• Rigorous tooth brushing: Using a tooth brush with hard bristles or being too zealous when brushing can wear down enamel as well as gum tissue. Also, abrasive substances such as baking soda are too gritty for teeth and can wear down gum tissues.
• Smoking: A dry mouth is when saliva flow is insufficient to effectively wash bacteria from the mouth. The chemicals in tobacco are terribly drying to oral tissues, which creates an ideal environment for the formation of plaque. Plaque is a build up of oral bacteria that destroys gum tissue and contributes to recession.
• Grinding & clenching teeth: When you clench or grind your teeth during sleep, the force that is placed on teeth can be so strong that they begin to tilt out of position. As this continues, the gums eventually pull away from teeth.
• Hormonal changes: Pregnancy, menopause and puberty can cause changes in hormone levels. These hormonal fluctuations can cause gums to feel tender and be more vulnerable to recession.
• Misaligned teeth: When not properly aligned, teeth endure added force to bite and chew. This can also place added strain to the TMJ (jaw joints), gums and bone that supports tooth roots. This can lead to gum recession.
To avoid the expense and treatment time of gum disease, commit now to thorough oral hygiene and regular dental check-ups and cleanings. Your at-home oral hygiene regimen should include:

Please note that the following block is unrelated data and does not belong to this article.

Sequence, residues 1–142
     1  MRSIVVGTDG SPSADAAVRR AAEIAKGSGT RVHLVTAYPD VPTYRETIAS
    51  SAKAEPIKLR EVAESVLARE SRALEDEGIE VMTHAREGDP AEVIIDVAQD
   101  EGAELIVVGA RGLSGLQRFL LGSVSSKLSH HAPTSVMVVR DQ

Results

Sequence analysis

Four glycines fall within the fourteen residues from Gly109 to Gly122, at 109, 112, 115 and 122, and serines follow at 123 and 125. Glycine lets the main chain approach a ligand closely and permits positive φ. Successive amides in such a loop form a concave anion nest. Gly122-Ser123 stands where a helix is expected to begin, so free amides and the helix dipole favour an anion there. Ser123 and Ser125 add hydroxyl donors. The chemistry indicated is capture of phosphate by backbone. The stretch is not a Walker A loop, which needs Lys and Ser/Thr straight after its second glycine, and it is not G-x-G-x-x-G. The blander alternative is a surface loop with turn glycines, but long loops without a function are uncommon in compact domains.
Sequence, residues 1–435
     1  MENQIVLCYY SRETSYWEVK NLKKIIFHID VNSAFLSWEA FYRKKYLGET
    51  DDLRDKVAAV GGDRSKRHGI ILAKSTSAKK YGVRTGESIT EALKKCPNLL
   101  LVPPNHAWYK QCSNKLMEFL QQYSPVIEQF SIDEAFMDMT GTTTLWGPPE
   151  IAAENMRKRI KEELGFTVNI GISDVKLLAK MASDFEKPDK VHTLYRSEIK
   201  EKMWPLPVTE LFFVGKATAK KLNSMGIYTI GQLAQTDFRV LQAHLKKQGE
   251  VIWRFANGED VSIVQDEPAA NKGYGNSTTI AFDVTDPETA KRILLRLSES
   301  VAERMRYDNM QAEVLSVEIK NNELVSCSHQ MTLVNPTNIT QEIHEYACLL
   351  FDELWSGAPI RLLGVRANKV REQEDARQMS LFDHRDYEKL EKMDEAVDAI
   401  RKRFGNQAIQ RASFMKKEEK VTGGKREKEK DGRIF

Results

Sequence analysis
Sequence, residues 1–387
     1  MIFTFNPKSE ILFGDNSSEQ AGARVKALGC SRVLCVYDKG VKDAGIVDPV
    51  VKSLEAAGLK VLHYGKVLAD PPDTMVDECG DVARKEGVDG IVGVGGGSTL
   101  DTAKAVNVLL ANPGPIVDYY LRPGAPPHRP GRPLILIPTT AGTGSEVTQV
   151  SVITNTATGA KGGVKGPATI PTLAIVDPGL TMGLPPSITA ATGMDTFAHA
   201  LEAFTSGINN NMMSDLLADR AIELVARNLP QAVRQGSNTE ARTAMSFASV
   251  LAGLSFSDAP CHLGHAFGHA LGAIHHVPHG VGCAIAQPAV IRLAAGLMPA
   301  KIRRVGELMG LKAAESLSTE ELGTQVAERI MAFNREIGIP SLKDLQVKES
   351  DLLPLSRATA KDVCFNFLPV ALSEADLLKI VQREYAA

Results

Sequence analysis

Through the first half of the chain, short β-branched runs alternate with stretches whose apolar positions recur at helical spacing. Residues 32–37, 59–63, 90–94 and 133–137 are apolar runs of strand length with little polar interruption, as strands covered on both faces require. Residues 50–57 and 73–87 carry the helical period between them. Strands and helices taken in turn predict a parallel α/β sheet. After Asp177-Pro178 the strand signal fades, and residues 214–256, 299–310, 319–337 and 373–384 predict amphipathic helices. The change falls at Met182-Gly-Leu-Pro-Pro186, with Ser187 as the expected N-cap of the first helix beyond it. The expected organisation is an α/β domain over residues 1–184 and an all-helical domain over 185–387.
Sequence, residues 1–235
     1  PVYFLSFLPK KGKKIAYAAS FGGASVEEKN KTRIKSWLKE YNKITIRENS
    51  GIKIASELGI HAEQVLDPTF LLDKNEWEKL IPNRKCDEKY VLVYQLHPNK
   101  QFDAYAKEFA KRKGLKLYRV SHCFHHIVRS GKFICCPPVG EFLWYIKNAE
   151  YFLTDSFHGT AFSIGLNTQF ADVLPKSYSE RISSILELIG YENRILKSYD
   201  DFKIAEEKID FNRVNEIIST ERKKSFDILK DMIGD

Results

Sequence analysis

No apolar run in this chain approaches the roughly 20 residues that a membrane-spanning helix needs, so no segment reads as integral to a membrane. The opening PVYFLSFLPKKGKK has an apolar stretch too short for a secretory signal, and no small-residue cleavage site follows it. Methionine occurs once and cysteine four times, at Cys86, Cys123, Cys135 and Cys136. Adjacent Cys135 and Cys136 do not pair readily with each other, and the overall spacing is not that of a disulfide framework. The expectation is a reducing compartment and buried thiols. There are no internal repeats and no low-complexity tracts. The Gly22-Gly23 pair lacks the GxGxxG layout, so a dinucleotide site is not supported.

– Twice daily brushing with a soft bristle tooth brush and use a fluoridated tooth paste. Brush for at least two minutes each time. Floss daily. Be sure not to pop the floss between teeth to avoid damaging tender gums. Move the floss in a back-&-forth motion between teeth to ease it down so you can scrape the sides of each tooth.
– Use a tongue scrapper daily or brush your tongue with your tooth brush at the end of each brushing. This helps to dislodge bacteria that is embedded in the grooves of the tongue.
– Keep the mouth moist by drinking plenty of water during the day. This will help keep saliva flow at ample levels. Saliva is designed to move oral bacteria from the mouth on a consistent basis. Avoid foods and beverages that are drying to oral tissues such as caffeine, alcohol, and spicy foods. Also, try to minimize the amount of sugar and carbohydrates you consume. These foods amplify the reproduction of oral bacteria.
– Smokers should consider using an oral rinse that replenishes moisture in the mouth. The chemicals in cigarette smoke are very drying to oral tissues. Some oral rinses are specifically designed to replenish oral moisture.
A periodontist is a dentist who has specialized skills in the diagnosis and treatment of all levels of periodontal disease. This specialist can also recontour the shape of gums and place dental implants for optimal results.